With Corporate Energy, We’re Stuck in the Dark Ages – Let’s Switch to Public Ownership

March 6, 2015

NOTE: Images in this archived article have been removed.

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Flickr/GAAP Studio. Some rights reserved.

It is clear that Britain has an energy problem. The privatisation and ‘liberalisation’ of the energy market has left us with six dominant suppliers from which over 90% of us buy our energy. 1 in 10 households in the UK are in fuel poverty. Confidence in the ability of the biggest energy companies to act in the public interest has almost completely eroded, and the head of Ofgem has identified a ‘deep mistrust in anything the energy companies do or say’. The Big Six have faced continued criticism over widening profit margins and a perception that they abuse their dominant market position. Average pre-tax profits are expected to reach £114 per household over the next year, despite plummeting oil and gas prices. And we are categorically failing to make the necessary moves towards green sources of energy; just 5.2% of our overall energy consumption is from renewable sources, one of the lowest in the EU.

Anyone can see that the system is broken. But to how fix it? What would a new energy paradigm look like? This was the topic of an inspiring workshop event, ‘Imagining Energy Democracy’, organised and chaired by Global Justice Now, and attended by a wealth of campaigners and academics. We allowed our minds to wander, to dream, to imagine an energy future not dominated by fossil fuels and large private companies, but a future in which ‘energy democracy’ had won out against corporate profit and climate destruction.

Imagining energy democracy

Energy democracy is a concept born out of the climate justice movement, and brings together intersecting ideas grounded in social justice and the need for decisive and collective action to limit the devastating effects of climate change. It demands independence from large corporations, decentralisation, and a shift towards participatory forms of decision-making, enabling people to be involved in the economic decisions that shape their lives. It means giving everyone equal access to energy that’s affordable, and doesn’t put the future of our planet in danger. Above all it means putting the common good before private profit. All energy struggles are important for achieving this, from battling crippling fuel poverty to preventing the fracking of our countryside. But the question of ownership is critical. Energy democracy cannot be achieved without public ownership of the means of generation and distribution of energy.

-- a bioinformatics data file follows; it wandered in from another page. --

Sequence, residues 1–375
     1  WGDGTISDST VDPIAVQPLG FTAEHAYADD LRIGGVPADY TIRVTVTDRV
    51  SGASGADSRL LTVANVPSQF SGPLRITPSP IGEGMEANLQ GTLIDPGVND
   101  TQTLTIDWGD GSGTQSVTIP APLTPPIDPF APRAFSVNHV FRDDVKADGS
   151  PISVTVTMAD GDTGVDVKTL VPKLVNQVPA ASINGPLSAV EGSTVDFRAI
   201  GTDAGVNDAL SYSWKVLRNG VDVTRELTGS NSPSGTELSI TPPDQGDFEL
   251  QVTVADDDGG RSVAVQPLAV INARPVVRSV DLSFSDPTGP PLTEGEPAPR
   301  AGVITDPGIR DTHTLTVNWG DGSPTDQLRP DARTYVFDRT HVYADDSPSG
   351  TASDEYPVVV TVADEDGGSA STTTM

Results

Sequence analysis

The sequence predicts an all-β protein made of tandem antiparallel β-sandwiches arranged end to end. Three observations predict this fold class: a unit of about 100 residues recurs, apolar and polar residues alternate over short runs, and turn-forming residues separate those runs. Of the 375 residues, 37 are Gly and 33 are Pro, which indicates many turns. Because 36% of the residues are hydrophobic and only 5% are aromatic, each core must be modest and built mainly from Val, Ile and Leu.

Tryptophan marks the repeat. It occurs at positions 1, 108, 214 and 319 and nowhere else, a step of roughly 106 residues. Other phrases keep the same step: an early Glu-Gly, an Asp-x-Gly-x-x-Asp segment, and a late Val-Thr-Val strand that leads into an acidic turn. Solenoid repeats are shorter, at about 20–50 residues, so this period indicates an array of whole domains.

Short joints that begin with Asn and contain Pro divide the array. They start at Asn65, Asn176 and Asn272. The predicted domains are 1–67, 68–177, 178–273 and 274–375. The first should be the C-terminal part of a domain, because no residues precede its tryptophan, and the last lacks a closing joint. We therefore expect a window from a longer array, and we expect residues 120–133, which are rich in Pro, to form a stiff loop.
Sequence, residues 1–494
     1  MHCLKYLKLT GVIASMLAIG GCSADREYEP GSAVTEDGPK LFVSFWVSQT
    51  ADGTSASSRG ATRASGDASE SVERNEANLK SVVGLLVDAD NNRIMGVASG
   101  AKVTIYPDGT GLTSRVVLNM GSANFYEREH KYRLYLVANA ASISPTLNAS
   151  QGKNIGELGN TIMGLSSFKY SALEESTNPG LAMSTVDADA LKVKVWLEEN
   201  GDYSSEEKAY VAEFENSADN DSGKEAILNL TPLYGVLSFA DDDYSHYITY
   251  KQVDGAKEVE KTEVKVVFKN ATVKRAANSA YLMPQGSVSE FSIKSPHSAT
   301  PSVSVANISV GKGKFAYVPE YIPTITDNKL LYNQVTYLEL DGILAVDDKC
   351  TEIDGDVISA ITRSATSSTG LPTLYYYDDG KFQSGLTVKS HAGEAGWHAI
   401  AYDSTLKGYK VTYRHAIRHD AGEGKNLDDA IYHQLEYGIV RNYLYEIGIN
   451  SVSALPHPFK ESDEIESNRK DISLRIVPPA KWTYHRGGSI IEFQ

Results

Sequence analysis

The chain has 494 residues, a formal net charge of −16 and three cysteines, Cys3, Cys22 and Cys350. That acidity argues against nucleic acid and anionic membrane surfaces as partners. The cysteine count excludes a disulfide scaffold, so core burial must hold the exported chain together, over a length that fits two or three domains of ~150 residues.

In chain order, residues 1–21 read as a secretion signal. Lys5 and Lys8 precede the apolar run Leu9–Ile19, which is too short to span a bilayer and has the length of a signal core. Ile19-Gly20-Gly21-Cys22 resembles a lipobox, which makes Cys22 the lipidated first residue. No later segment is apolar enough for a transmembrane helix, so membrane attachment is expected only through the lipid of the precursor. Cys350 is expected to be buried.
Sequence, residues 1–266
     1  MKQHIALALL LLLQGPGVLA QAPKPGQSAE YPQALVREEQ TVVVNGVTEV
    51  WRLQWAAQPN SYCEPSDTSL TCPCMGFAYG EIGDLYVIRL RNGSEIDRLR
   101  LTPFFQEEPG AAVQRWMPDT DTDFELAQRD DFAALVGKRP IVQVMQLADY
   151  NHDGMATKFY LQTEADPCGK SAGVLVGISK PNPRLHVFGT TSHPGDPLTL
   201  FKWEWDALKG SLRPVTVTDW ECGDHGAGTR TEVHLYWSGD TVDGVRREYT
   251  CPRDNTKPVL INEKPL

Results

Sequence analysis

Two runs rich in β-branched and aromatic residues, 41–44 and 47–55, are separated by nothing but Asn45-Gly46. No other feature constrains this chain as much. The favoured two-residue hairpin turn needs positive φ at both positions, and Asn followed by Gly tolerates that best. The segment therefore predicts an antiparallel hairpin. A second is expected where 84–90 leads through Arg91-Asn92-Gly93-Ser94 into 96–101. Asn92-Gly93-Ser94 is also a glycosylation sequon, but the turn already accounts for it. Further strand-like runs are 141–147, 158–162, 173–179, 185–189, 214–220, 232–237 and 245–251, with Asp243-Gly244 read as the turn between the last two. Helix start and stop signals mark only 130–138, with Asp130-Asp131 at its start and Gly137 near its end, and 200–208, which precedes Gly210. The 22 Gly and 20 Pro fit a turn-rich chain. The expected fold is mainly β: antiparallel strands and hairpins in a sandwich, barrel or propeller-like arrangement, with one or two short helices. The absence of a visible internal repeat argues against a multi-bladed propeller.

To break the stranglehold large private companies have on our energy, we need to produce a positive and pragmatic alternative. Public ownership, whilst vital to achieving energy democracy, is no panacea. Large state-owned corporations are still guilty of unresponsiveness and inefficiency. A re-imagining of public ownership must be diverse, and able to operate at a number of different scales. Nationally-owned organisations and infrastructure will form a vital part of this, but so will more localised forms of public ownership, through municipal or council-owned bodies, as well as small-scale co-operatives and community groups. In all cases, collective ownership must prove itself to be flexible, responsive and able to enhance democratic participation.

What does the alternative look like?

Many of the countries in Europe that have been the most successful to-date in implementing the transition towards renewable energy, such as Germany and Denmark, have a broad range of energy suppliers, owned by the public on a local, regional and co-operative basis. A continuing wave of ‘re-municipalisation’ in Germany has seen over 100 energy concessions brought into public ownership since 2007, such that nearly half of Germany’s renewable energy capacity is now owned by citizens. In Denmark, the country’s rapid shift towards wind power in the 1980s is credited to the decentralised and local nature of its network (80% of wind turbines are owned by families or co-operatives.) In the UK, both Nottingham and Bristol City Councils are working to set up municipal energy companies to provide fairly priced, renewable energy to their citizens. Central to Bristol’s plans is a desire to be a ‘force for social good not wholly driven by profit’, and a pledge to guarantee ‘competitive, fair and simple energy tariffs with any profits reinvested back into local communities’. It is these values, and this view of energy as a public utility, which are missing from our current system.